Starting January 1st, 2011 if you apply for a loan or a credit card, and credit is extended but on less favorable terms than to other consumers, the issuer must now notify you of this fact. It used to be you would only have been notified under these conditions if you were financing your home.
Yep, believe it or not, new laws have been written to help the consumer when it comes to personal finances, (can you believe that???) and this is one of them. In case you're ever stopped in a dark alley with a gun to your back and the person holding you up is asking the name of the law, it's called the "risk-based pricing" rule under the Fair and Accurate Credit Transactions Act of 2003. Under this law consumers have the right to find out why they didn't receive the best possible terms. The consumer will either receive a risk-based pricing notice or their credit score and how the consumer's credit score compares to those that received a lower interest rate.
This is a benefit (although it won't seem so great when you've been turned down for credit) because you normally have to pay a fee of around $15 in order to receive your credit score.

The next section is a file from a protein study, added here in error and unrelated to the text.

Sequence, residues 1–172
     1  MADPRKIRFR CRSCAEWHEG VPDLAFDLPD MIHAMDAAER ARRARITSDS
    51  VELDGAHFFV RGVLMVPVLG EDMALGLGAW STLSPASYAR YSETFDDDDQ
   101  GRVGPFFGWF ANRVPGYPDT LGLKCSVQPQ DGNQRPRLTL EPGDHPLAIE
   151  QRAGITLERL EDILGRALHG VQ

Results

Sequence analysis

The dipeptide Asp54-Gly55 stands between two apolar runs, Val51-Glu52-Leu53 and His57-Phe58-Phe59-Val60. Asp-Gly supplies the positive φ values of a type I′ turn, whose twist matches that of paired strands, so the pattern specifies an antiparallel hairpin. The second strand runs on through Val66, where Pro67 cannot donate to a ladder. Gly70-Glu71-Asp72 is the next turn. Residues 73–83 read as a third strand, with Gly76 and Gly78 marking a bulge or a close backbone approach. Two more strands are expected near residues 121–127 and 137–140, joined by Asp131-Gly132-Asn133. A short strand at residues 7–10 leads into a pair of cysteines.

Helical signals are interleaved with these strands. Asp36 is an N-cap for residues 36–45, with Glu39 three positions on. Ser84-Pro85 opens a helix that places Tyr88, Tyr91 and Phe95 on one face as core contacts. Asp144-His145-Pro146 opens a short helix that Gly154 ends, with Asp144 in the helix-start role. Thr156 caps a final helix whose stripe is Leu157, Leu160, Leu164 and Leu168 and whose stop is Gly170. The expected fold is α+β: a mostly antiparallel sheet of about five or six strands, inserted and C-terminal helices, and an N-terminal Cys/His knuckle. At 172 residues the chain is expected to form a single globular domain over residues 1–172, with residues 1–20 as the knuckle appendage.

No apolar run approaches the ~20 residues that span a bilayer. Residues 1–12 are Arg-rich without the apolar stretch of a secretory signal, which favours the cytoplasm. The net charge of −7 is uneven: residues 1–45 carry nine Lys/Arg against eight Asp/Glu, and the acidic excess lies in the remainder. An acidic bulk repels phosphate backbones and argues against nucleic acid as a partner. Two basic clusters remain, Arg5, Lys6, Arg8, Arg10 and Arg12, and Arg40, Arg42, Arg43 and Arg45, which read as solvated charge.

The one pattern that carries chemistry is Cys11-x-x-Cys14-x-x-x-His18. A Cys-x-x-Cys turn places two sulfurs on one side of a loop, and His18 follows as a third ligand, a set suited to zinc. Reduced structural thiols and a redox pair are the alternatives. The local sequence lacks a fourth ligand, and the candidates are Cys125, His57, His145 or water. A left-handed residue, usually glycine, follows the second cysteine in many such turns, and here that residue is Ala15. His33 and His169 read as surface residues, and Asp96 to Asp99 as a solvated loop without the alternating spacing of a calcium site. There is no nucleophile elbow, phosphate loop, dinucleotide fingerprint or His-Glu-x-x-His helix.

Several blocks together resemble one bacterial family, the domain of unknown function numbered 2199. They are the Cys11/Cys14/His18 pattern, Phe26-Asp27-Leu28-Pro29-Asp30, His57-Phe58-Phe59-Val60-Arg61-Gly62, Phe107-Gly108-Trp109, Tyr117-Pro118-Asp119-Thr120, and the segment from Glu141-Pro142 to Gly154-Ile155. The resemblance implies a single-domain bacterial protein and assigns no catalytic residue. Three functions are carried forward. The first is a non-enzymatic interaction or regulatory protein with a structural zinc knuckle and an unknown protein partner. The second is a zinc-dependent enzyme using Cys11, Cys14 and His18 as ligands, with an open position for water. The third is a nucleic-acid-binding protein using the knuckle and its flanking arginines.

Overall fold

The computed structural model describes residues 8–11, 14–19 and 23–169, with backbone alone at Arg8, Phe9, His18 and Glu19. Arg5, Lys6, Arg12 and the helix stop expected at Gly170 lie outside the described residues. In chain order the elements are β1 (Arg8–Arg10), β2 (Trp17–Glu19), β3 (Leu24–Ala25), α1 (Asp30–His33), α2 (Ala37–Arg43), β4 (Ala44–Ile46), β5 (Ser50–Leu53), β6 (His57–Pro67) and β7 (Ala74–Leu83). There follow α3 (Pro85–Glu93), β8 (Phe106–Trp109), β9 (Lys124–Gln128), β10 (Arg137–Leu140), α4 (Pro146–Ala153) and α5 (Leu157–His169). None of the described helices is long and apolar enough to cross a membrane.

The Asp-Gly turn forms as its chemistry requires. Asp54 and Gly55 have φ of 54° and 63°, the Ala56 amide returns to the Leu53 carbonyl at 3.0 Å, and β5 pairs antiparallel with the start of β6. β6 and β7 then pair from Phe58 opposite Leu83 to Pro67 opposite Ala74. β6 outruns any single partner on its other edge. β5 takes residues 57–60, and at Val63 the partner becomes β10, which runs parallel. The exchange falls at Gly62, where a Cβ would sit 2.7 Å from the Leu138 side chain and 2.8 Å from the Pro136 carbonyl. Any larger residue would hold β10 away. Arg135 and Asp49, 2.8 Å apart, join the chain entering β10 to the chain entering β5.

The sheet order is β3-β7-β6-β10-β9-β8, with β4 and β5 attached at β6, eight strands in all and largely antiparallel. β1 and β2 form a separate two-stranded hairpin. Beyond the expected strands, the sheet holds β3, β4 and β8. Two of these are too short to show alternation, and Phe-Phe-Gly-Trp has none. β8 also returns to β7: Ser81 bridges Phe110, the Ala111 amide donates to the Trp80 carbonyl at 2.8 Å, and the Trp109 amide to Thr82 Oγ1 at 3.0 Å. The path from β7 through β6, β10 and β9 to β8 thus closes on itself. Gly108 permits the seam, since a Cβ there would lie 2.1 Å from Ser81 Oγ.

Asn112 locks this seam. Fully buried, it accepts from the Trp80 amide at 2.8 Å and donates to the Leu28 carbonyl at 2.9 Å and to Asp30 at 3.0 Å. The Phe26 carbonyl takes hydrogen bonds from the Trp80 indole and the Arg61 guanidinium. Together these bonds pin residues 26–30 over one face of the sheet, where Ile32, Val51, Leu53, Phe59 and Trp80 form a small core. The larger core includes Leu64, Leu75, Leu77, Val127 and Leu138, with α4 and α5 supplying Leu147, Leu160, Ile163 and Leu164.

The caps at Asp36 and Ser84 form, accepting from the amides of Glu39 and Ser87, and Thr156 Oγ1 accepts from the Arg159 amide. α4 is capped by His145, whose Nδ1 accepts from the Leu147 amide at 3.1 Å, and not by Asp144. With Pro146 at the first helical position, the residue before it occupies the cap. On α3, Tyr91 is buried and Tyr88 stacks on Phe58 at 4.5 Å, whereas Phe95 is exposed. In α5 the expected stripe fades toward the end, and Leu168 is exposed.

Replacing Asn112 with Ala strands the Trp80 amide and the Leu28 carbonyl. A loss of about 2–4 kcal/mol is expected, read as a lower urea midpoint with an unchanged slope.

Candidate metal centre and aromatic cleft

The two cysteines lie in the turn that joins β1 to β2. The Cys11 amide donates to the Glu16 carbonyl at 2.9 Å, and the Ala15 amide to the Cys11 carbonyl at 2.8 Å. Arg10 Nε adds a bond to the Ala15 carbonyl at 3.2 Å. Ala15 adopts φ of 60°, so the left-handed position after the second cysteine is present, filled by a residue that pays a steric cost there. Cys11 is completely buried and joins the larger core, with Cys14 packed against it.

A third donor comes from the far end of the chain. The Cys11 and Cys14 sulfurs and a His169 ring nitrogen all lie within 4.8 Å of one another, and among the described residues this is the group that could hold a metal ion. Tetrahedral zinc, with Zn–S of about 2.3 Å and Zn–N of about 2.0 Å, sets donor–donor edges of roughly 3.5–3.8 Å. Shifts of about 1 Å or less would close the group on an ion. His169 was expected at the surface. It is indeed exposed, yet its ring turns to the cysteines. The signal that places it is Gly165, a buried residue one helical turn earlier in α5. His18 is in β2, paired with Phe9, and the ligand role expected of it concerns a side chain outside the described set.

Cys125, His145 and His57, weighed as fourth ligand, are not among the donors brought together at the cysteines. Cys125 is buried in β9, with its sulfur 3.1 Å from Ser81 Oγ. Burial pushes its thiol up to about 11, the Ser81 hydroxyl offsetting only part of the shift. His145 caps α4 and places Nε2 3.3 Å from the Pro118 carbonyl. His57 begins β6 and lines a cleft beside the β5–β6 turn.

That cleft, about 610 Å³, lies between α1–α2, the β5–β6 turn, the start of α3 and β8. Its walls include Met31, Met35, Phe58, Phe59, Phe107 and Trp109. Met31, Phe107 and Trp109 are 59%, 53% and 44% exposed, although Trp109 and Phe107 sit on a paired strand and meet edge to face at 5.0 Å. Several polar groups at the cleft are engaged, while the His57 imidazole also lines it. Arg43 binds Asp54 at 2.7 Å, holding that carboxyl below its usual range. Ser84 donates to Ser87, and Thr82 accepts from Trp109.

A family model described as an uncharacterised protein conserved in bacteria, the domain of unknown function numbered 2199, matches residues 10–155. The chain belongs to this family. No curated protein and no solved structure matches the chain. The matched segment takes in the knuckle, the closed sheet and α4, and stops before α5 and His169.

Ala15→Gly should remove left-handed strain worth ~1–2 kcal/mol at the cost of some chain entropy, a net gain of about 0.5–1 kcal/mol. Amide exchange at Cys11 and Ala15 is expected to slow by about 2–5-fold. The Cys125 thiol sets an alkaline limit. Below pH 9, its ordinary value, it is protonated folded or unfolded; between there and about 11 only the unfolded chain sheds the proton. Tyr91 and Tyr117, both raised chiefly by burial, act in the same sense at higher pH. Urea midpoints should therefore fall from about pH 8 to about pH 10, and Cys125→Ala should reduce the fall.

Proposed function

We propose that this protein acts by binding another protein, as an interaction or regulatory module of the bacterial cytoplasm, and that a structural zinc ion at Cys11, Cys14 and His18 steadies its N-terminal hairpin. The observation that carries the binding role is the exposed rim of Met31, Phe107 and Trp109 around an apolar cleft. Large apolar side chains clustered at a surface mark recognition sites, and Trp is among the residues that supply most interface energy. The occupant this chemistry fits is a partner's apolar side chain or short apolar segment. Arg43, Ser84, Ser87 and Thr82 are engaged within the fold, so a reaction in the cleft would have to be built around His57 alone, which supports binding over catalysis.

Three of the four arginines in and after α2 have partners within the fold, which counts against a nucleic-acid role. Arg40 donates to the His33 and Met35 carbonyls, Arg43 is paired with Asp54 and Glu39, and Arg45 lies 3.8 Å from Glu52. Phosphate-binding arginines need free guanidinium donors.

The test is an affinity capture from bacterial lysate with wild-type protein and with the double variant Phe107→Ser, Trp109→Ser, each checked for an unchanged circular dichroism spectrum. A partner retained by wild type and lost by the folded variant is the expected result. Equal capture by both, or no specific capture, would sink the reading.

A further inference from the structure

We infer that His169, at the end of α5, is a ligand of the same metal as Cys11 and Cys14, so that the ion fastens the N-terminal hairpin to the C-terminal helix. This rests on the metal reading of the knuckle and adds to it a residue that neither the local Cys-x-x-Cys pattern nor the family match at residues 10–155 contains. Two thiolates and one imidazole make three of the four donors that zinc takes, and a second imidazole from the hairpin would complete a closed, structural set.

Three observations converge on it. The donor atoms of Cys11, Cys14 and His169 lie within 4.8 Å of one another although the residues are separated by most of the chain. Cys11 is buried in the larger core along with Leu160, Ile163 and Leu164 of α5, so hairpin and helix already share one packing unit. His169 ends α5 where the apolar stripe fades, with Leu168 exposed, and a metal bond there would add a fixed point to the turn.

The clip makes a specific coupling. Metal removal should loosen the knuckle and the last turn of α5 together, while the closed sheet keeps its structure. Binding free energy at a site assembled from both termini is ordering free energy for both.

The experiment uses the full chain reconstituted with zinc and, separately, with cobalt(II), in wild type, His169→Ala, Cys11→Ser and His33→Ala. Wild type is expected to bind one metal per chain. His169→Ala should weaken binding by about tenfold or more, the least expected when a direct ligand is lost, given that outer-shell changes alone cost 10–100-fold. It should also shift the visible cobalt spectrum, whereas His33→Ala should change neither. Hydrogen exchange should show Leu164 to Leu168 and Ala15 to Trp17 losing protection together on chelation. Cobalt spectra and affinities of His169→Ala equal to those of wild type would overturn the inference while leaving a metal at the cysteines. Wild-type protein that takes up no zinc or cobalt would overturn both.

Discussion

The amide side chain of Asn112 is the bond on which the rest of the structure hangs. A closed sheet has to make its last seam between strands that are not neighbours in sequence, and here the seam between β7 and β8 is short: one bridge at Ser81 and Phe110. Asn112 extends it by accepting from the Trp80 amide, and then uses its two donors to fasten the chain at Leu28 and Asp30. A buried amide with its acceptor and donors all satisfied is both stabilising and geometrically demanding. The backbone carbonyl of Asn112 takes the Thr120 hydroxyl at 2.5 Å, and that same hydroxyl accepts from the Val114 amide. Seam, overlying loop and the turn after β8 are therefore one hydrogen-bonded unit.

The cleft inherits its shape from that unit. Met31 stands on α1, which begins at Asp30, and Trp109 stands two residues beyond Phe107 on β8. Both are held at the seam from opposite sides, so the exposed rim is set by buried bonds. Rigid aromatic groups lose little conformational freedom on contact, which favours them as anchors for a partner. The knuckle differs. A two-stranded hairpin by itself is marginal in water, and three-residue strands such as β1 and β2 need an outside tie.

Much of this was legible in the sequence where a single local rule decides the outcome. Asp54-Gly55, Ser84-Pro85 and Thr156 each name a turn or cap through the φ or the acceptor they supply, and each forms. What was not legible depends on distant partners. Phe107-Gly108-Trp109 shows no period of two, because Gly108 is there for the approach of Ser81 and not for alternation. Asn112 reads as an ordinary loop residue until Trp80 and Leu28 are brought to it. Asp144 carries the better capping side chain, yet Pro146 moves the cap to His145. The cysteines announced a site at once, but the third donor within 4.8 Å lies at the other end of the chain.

If you've been notified you're paying a higher interest rate, you might want to consider getting a copy of your credit report. You can receive a free report once a year from each of the three credit bureaus: Experian, Equifax and Trans Union. Check the report for any errors, as incorrect derogatory information can be removed from your report by notifying the bureau with an explanation. (It's up to you and your conscious to have any incorrect positive information removed.) It may take a few weeks to get the information removed from your report, but it will help you get a better rate the next time you apply for credit.
Now you'll know if you're paying a higher interest rate on your loan or credit card, and why. When was the last time you knew why you were at a disadvantage?